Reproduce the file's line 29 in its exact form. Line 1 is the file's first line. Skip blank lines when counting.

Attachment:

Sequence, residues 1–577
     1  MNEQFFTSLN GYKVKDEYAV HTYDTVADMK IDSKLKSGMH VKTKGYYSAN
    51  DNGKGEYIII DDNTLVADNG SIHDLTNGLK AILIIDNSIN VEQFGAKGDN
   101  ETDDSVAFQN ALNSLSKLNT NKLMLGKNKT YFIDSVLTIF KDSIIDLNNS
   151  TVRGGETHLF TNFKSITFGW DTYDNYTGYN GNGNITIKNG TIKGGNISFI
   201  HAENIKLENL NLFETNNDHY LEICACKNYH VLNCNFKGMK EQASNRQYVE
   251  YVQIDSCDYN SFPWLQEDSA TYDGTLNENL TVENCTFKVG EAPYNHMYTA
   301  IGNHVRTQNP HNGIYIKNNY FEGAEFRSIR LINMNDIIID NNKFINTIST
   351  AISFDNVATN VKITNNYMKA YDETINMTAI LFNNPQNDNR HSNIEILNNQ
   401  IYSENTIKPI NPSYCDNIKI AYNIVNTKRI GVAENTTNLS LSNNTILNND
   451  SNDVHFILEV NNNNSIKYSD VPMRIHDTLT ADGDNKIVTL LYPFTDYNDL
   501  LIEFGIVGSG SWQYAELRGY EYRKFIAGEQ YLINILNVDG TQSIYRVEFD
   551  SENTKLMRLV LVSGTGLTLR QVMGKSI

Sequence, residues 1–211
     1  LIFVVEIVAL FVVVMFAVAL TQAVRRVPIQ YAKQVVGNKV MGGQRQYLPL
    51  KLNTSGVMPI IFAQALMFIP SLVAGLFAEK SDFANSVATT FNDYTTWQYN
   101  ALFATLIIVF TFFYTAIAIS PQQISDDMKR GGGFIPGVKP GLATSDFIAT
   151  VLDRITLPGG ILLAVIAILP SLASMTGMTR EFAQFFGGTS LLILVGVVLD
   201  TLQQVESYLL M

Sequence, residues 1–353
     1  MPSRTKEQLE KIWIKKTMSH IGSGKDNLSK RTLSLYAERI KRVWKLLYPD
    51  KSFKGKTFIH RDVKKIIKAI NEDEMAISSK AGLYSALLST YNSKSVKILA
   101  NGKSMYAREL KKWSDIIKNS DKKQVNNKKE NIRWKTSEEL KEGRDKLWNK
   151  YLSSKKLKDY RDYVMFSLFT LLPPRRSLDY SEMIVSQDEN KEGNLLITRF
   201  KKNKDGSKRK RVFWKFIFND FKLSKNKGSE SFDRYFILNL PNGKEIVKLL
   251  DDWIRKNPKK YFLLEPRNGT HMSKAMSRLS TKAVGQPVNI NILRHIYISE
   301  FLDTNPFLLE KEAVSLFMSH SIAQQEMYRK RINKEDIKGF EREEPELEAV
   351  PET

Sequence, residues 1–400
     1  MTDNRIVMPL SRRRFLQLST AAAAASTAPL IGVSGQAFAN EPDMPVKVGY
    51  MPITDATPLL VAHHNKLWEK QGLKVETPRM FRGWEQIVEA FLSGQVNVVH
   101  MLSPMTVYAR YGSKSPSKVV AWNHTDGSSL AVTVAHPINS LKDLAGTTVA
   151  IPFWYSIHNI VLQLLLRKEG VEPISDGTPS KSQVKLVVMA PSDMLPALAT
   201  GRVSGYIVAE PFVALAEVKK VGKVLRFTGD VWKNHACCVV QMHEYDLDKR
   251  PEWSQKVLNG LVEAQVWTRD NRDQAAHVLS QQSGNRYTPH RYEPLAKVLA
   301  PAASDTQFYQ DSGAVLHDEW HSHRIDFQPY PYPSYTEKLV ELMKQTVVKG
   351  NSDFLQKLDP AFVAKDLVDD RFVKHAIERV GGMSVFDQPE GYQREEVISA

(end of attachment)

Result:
Sequence, residues 1–400